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5PSQ-087 Evidence and decision algorithm for the withdrawal of antipsychotic treatment in the elderly with dementia and neuropsychiatric symptoms
  1. M Miarons Font1,
  2. S Marín Rubio1,
  3. L Pérez Cordón1,
  4. FJ Barón Fernández2,
  5. C Agustí Maragall1,
  6. L Rofes Salsench3
  1. 1Mataró Hospital, Pharmacy Department, Mataró, Spain
  2. 2Mataró Hospital, Psychiatry Department, Mataró, Spain
  3. 3Mataró Hospital, CIBEREhd, Mataró, Spain


Background Antipsychotics (APs) are commonly used to manage neuropsychiatric symptoms (NPS) in the elderly with dementia (approximately 48% of the elderly with dementia are treated with APs), even though several large studies have demonstrated an association between AP treatment and increased morbidity and mortality in people with dementia.

Purpose The aim of this study was to review the scientific literature of the use of AP in the elderly with dementia and to propose an algorithm to assist in decision-making regarding the withdrawal of APs.

Material and methods A computerised literature search (MEDLINE: 1966 to July 2017, EMBASE: 1982 to July 2017) was used to locate relevant literature. The following terms were used in the MESH database and EMTREE thesaurus: aged, antipsychotic agents, behavioural symptoms and dementia. The information and recommendations of full references were extracted to perform an algorithm represented on paper in a flow-chart form. In the algorithm we define non-pharmacological interventions, NPS and signs and symptoms of AP withdrawal. We use the Neuropsychiatric Inventory Questionnaire (NPI-Q) to score the severity of the NPS.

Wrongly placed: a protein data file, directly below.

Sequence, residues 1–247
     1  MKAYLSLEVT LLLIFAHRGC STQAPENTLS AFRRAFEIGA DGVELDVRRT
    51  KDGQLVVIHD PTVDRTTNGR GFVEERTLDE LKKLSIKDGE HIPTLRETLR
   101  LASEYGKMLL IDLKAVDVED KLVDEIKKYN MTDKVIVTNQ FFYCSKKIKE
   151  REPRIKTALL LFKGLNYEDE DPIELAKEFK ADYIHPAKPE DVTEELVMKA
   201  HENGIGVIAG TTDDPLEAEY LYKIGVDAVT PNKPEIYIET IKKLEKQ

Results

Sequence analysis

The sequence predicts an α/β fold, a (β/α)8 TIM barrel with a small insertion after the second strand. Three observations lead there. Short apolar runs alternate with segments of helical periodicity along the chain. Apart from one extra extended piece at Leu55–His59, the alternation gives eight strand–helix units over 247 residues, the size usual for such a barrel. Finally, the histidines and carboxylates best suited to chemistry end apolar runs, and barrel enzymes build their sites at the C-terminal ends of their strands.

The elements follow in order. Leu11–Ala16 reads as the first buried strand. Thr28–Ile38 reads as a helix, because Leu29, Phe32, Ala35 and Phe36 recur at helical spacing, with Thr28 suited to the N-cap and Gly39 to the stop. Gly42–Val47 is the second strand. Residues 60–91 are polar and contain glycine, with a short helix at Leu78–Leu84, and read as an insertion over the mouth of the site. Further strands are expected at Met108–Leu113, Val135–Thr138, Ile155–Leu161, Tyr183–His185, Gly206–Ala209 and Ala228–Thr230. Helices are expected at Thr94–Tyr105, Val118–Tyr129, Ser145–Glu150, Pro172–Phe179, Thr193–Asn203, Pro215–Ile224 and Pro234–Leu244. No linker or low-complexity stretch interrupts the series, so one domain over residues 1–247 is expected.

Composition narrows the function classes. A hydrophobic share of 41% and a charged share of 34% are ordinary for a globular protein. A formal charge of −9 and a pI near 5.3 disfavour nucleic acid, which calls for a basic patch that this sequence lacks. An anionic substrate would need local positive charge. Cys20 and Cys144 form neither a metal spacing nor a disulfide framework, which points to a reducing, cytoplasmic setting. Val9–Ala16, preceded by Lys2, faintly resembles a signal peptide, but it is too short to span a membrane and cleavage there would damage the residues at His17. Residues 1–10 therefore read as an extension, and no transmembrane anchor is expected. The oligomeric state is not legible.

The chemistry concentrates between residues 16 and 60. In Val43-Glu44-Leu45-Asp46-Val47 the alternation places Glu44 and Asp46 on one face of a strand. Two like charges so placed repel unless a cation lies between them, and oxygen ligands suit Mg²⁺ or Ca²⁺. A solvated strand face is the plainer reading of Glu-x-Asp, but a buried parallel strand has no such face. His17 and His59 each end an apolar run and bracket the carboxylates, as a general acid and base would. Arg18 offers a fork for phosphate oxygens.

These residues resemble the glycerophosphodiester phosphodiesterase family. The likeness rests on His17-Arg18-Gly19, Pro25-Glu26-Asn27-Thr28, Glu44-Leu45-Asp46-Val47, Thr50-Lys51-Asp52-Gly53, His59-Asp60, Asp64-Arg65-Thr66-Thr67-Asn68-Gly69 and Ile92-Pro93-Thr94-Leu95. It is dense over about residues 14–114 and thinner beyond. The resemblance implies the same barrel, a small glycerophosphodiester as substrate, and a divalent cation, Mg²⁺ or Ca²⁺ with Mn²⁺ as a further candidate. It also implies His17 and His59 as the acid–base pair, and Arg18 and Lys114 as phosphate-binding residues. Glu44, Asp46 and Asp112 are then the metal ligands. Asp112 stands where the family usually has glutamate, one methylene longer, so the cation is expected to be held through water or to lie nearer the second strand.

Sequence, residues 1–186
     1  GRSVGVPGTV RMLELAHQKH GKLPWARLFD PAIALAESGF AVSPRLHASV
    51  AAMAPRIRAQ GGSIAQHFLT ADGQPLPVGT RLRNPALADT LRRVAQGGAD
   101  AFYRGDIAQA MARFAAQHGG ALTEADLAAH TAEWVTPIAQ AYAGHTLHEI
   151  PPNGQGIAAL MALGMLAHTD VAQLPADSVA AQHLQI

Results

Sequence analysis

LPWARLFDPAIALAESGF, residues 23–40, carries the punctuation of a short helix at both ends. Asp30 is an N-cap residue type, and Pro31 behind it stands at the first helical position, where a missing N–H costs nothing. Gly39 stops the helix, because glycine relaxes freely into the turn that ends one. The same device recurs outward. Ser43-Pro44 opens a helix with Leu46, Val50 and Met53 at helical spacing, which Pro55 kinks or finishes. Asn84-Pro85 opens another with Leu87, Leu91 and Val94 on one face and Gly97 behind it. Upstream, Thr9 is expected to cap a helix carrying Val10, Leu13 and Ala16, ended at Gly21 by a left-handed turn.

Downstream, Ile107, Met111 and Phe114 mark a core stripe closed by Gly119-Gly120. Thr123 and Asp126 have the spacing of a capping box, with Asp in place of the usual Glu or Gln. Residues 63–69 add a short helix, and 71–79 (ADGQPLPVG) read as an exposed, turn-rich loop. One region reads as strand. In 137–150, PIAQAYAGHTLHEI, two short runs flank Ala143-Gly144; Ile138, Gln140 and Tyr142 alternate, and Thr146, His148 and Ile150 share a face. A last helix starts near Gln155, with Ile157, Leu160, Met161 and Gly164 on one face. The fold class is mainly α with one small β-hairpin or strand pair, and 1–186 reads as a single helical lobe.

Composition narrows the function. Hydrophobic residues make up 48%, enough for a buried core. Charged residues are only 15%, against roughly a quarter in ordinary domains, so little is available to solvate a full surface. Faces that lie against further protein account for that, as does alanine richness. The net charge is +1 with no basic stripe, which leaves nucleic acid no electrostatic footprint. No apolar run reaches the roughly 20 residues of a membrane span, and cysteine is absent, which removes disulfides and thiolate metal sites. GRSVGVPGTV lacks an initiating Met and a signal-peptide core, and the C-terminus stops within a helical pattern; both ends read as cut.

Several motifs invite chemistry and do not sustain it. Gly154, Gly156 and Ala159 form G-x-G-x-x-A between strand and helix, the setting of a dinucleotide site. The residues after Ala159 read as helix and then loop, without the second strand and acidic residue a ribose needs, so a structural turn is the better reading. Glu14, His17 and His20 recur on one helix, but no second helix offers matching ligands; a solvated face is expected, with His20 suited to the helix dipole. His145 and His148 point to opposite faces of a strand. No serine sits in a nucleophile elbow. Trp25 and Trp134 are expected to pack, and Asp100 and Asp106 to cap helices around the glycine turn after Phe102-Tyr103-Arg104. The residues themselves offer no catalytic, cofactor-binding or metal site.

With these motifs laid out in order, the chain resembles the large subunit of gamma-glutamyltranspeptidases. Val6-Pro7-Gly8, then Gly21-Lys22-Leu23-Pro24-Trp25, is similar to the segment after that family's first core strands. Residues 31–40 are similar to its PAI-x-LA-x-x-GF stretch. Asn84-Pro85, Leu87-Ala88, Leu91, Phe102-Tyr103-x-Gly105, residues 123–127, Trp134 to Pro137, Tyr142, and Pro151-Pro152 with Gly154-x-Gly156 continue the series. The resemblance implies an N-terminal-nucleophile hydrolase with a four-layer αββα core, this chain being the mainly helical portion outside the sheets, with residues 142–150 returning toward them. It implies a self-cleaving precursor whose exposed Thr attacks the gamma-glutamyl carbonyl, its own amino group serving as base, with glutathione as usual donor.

Results Earlier studies of APs used in the elderly with dementia suggest that, in most elderly demented patients, APs can be withdrawn with no effect on behaviour. These patients are likely to benefit from the algorithm we propose to assist clinicians with in the withdrawal of APs (Algorithm 1). Although prolonged treatment in specific circumstances may be advisable in clinical practice, the general advice is to discontinue APs after 12 weeks in cases of agitation or psychosis associated with dementia based on weak and conflicting evidence regarding long-term efficacy. A gradual tapering strategy is to reduce dosage by 25% to 50% every 2 weeks and to end treatment 2 weeks after administering the lowest dose.

Conclusion Information gathered in this review raises the need to establish safe and effective pharmacological approaches to AP prescription for the demented elderly with NPS. We have described an algorithm consisting of three main steps presented in the form of a flowchart that draws on AP withdrawal approaches recommended in both dementia and care guidelines, and which can assist clinicians in the withdrawal of APs.

No conflict of interest

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